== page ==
Happy Jul 4th and welcome to Mound City, Missouri! You will need to watch out for tractors, lawn mowers, and an occasional lost cow wandering the streets. Each Fourth of July this small farming community gets together for their annual parade, and the Red Rock 5K Fun Run. 2016 marked their 26th running of the event. Meaning, for 26 years this town of 1000 people have been hosting this race.
Do not allow the size of the town fool you on the talent of the running pool, or the kindness (lack there of) of the course.
For a low sum of $25 you can enter into the Red Rock 5K Fun Run. The course is all road, so lace up your best shoes for asphalt pavement. It is vital to note that Mound City is located on the bluffs of the Missouri River in far Northwest Missouri. “Bluff” is a geographical term used to identify large rolling hills along both sides of a river basin. Understanding this key part is vital for your success at Red Rock.
The course is a hybrid of a circuit and a down-and-back. You do end where you start, but the trip back is different from the trip to the halfway point. Taking the route will guide you through the residential section of Mound City. You’ll see Mound City R-2 schools, three parks, and will be able to locate the golf course if someone asks you. Local police do block off the main highway portions of this course to local traffic. Overall the community loves the event, so everyone gets along swimmingly.
Oh, there’s one thing you should be aware of when starting out on this course from the parking lot of the Dollar General.
Check this out; the entire 1.4 miles to the turnaround point is uphill. Overall it is nearly a 200 foot climb in elevation. This includes a one portion that with a 6% grade, another portion with a 4% grade, and two sections with a 3% grade. If you’re not ready for some chronic, constant climbing this little course will doom you from the beginning.
The good news to this is what comes up…must come down, and the courses comes down quick. This includes nearly a half mile (2.5-3.0) at a -4% grade. Prepare your knees accordingly.
Appreciate what people do for you. As humorous as it is to find small town races (and the secrets that they have in them), the reality is that it still takes a lot to put on each race. With a fee of $25, Red Rock depends a lot on corporate sponsors in the area for support. Look forward to a t-shirt and a bottle of water upon finishing. If you are crazy fast (see ‘The Results’) there is a chance for a 1st, 2nd, or 3rd place medal from your respective age group and overall.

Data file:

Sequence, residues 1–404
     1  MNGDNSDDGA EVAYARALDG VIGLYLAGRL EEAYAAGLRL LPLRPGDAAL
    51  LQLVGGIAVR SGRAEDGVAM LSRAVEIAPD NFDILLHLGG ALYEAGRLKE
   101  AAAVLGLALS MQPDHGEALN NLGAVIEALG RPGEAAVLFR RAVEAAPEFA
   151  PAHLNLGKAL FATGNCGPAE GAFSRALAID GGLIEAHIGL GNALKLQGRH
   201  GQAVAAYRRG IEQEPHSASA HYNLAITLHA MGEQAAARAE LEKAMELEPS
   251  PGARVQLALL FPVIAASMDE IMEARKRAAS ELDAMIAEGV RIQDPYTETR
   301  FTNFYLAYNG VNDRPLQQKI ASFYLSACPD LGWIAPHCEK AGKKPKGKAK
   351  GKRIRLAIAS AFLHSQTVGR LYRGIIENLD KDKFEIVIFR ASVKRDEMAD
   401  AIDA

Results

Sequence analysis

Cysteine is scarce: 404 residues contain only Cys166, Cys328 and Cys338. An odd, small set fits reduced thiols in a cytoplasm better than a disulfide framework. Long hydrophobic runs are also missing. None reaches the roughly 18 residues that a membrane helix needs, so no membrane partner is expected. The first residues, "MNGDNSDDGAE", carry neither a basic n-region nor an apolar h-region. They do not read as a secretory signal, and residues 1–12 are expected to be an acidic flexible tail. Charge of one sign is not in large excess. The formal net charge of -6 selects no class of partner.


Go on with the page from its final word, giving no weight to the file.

On top of the course challenges are the runners as well. Growing up in the area I understand the work ethic of farming communities. However, I’m a strong advocate for noting these small towns need cross country teams. I say that due to the marvelous speed that some people put on. A 30:00.00 5K would place in the bottom 1/4 of the group for perspective, and this year someone from North Brooklyn Running Club was there to put on a show also (yes, as in Brooklyn, New York).
A quick word about small town races; they will go one of two ways. It could be a great place for you to win if the field is small and the course is smooth…or…it could be similar to qualifying for the Olympics in mountain goat racing.
***End of Review, Continue for My Results***
Four years ago my girlfriend (now, wife) and I found this little 5K race. It was her first ever 5K, so it seemed safe. I even ran/walked the majority of it with her and had a pretty good time. Things have changed in those four years. While I did not hit a PR today, I did surprisingly come close to it. I’ll admit that the uphill for half the course is just brutal if you are not prepared, and let’s be real, I’m never fully prepared for anything that has to do with running.
Consistency has definitely been afoot this year during the races. This is the fourth race this year that I have finished fourth in my age group. Personally, I will admit that I was disappointed with myself, and the effort put a bit of a damper on the 4th of July holiday.
More importantly though, it signaled my transition. Today’s race was the last one that I’ll be training for on the road. I’ve learned a lot through the process of training on trails, and I look forward to heading into the jungle more frequently for actual competitions (my wife said she would come along too).